Entropy Makes the Collatz Sequence Go Down

             Bradley Berg                          November 21, 2018
                                                Edited June 18, 2024


       We look at the Collatz Sequence from an information theory 
       perspective to lay out its underlying computational mechanics.  
       The mechanisms are similar to those used in pseudo random number 
       generators and one way hashes.

       An individual run is divided into three phases.  In the first
       phase the influence of the seed runs its course after information
       contained in the initial seed is lost.  Values are randomized in
       the second phase.  They follow the statistical model where the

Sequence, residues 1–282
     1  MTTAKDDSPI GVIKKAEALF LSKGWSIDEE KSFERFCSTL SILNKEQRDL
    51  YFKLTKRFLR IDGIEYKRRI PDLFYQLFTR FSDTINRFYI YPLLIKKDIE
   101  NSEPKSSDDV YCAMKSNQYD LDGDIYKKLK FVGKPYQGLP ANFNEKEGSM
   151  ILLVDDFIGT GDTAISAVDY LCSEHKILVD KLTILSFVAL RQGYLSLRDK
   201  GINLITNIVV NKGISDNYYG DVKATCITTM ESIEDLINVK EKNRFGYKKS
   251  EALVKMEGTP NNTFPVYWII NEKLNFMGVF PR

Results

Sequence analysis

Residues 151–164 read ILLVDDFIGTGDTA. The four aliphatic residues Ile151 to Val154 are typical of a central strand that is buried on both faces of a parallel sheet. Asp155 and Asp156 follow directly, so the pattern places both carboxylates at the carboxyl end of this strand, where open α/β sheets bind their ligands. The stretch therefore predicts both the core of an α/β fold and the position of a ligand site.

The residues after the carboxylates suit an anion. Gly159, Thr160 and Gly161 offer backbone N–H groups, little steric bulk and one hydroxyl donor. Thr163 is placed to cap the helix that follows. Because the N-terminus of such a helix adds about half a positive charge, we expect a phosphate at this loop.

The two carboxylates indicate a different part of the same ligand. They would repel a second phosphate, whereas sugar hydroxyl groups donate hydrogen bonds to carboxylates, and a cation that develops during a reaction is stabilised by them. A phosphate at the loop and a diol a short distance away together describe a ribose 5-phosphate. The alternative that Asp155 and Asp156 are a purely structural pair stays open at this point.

average gain is just over 0.866; causing them to decline.  The
       third phase begins once a value goes below the seed; providing
       that the series is not circular.  At this point we know the run
       will terminate at one.

       An equivalent restatement of the Collatz sequence steps through 
       alternating chains of even and odd values.  This variation
       constitutes a pseudo random number generator.  The operations
       used to scramble values are unbiased which results in an even
       distibution of ones and zeros.  The entropy of this mechanism is
       high so that in the second phase values are fairly randomized.

1.0 Introduction

1.1 Even and Odd Chains

1.2 Combining Even And Odd Chains

2.0 Sequence Entropy

2.1 Losing Information

2.2 Randomization Phase

2.3 Reduction To One

2.4 Observed Entropy

3.0 Conclusion